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BOEM's Risk Management Rules Again Delayed; Hopper Moves to Solar Industry

Following oil and gas industry pushback, the Bureau of Ocean Energy Management (BOEM) has extended a deadline to implement more stringent financial assurance and risk management requirements to ensure operators are able to pay for decommissioning and removing offshore production facilities.

The Interior Department agency in July issued a final notice to lessees (NTL), which detailed procedures to determine an operator's ability to carry out lease obligations in the offshore (NTL 2016-01). The directive updated decommissioning procedures for Outer Continental Shelf (OCS) oil, gas or sulfur leases, primarily in the Gulf of Mexico (GOM), and guided whether a lessee should be required to pay more to guarantee financial assurance.

In an update issued last Friday, BOEM agreed to delay implementation, originally set for last September, by another six months to provide "the opportunity to focus on providing additional security for sole liability properties, and to allow an opportunity for additional time and conversation, including with interested stakeholders, regarding issues that arise in the context of non-sole liability properties..." Exceptions would be made if BOEM determined there was a "substantial risk of nonperformance" for some decommissioning liabilities. Even with the delay, BOEM encouraged interest holders to continue to propose and negotiate "tailored plans" for financial assurance.

"Our goal is to ensure industry's continued engagement in developing and implementing a risk management program that enables industry to meet its legal obligations and protects the American taxpayers from shouldering any liability for decommissioning the existing or future facilities on the OCS, while recognizing the industry's current economic realities and concerns," BOEM stated.

The NTL followed a Government Accountability Office report in early 2016 that recommended improved oversight of idled and terminated offshore infrastructure. When an OCS lease is decommissioned, a company is required to remove all facilities and restore the site to its pre-lease state. For routine decommissioning, current liabilities in the OCS are estimated at around $40 billion. Because industry has moved increasingly into the deepwater, "decommissioning costs have risen significantly. Moreover, as existing infrastructure ages, larger companies are transferring older facilities to smaller or less experienced companies."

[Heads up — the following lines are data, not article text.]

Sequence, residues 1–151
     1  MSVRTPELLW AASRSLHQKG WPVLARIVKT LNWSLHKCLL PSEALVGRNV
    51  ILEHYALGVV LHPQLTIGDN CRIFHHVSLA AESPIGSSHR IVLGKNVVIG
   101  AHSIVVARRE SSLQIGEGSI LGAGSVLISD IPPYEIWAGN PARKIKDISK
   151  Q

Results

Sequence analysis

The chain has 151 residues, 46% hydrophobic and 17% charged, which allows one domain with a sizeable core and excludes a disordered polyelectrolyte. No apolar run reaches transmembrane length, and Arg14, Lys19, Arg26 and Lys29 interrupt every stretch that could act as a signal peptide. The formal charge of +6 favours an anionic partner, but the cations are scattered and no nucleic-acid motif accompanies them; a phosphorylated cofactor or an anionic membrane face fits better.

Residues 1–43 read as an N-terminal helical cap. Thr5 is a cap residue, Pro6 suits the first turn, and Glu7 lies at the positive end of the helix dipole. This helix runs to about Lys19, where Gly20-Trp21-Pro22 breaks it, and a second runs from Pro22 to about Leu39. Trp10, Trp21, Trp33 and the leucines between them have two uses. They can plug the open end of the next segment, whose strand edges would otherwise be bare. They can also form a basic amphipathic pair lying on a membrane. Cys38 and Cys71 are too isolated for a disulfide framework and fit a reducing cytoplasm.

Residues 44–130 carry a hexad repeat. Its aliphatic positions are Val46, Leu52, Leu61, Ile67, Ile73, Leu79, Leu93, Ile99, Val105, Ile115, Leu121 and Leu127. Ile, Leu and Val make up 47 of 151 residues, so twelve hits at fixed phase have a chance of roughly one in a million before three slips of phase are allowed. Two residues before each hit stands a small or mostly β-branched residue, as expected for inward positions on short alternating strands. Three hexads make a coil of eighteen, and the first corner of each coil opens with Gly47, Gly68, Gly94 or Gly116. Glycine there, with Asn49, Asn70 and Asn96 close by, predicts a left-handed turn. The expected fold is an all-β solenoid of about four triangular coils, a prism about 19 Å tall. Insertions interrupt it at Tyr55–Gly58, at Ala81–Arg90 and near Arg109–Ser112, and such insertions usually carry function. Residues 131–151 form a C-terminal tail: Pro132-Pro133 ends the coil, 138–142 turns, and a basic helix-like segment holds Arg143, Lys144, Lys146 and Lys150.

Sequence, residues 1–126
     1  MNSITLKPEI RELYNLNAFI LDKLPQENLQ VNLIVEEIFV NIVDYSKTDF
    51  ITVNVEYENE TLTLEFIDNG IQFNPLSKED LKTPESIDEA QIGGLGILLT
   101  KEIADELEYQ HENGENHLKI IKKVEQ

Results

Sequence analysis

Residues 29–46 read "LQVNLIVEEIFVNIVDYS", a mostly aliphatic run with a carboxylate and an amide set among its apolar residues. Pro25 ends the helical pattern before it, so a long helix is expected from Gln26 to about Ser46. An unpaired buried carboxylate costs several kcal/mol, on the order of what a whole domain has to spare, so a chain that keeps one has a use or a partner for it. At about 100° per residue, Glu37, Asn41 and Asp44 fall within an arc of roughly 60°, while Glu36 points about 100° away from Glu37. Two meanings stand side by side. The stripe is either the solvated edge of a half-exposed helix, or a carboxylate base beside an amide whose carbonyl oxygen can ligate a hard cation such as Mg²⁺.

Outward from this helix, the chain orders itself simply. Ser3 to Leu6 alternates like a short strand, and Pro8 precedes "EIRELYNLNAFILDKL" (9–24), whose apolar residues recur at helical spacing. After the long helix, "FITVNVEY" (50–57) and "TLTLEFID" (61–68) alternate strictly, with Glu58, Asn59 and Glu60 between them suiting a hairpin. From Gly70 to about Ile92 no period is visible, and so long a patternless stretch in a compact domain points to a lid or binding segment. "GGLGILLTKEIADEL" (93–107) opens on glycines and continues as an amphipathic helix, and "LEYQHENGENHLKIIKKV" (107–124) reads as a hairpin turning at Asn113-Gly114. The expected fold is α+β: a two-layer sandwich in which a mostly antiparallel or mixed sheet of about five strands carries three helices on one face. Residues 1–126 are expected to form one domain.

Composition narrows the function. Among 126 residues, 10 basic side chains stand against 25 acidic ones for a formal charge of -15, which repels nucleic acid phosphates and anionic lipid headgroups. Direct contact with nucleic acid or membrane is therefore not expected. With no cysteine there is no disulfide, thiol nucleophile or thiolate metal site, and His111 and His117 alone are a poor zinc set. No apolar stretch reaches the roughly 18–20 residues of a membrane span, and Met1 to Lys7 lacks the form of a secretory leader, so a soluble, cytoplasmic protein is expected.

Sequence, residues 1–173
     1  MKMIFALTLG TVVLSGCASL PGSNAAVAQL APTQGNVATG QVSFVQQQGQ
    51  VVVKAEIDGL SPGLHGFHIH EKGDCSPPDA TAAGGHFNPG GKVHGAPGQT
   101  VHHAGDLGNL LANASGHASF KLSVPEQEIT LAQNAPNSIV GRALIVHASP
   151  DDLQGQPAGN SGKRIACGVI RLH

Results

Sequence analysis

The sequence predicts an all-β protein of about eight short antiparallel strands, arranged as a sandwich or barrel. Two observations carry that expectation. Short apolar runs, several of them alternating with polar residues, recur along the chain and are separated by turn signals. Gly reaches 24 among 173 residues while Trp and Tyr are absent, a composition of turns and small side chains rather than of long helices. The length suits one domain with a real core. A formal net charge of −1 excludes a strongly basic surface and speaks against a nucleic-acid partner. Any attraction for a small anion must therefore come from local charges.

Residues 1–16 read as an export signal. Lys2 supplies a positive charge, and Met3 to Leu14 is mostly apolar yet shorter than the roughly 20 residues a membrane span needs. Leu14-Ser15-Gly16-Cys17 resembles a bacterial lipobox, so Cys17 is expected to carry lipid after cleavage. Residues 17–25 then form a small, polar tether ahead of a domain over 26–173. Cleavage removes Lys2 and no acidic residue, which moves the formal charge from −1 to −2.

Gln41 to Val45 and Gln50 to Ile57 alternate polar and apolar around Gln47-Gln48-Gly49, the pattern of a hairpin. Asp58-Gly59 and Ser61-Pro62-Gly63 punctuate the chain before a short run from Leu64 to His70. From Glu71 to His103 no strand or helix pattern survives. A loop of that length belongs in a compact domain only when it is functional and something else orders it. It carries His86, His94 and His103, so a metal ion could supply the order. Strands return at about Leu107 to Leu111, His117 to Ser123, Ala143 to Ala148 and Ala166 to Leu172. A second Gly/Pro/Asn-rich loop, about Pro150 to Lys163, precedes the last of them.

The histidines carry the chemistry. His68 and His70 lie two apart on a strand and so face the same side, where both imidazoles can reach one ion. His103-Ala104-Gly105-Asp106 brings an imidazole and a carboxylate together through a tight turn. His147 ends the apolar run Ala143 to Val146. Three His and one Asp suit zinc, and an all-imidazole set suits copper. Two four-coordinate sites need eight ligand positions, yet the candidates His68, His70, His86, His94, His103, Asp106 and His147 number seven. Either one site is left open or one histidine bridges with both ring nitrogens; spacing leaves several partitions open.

However, the oil and gas industry fought back, claiming the reforms are overly burdensome. The rules, according to industry experts, could force some smaller operators to sell their assets to companies better positioned to meet the significant costs of supplemental bonding. The rules also could influence investment decisions by larger producers, which might conclude that the U.S. regulatory system to work offshore is too burdensome.

Industry trade groups representing the GOM oil and gas industry asked BOEM in November for more clarity about why the financial assurance changes were made. A group of offshore producers also launched a coalition in November whose first order of business is to oppose the risk management regulations.

Throughout the process, BOEM officials have insisted they are listening and stand ready to work with stakeholders.

Through BOEM's "continued engagement with industry, it has become apparent that navigating the multi-party business relationships that exist between co-lessees and predecessors-in-interest can prove challenging and time-consuming," officials said. Because some properties may include several co-lessees and prior interest owners, "their existing financial arrangement may require assessing the extent to which these existing financial arrangements can be considered in determining whether BOEM needs additional security."

BOEM said it would continue an "interactive process to gather additional input from all interested parties. Our goal is to ensure industry's continued engagement in developing and implementing a risk management program that enables industry to meet its legal obligations and protects the American taxpayers from shouldering any liability for decommissioning the existing or future facilities on the OCS, while recognizing the industry's current economic realities and concerns."

Meanwhile, BOEM Director Abigail Ross Hopper was tapped Monday to lead the lobbying group for the Solar Energy Industries Association (SEIA). She is to take the reins in the next few days. Before she took over at BOEM in early 2015, Hopper led the Maryland Energy Administration and previously worked at the Maryland Public Service Commission.

"I have spent my career working with all sides of the political and ideological spectrum to arrive at pragmatic approaches to energy policy," Hopper said. "I look forward to utilizing that experience to serve our SEIA members."

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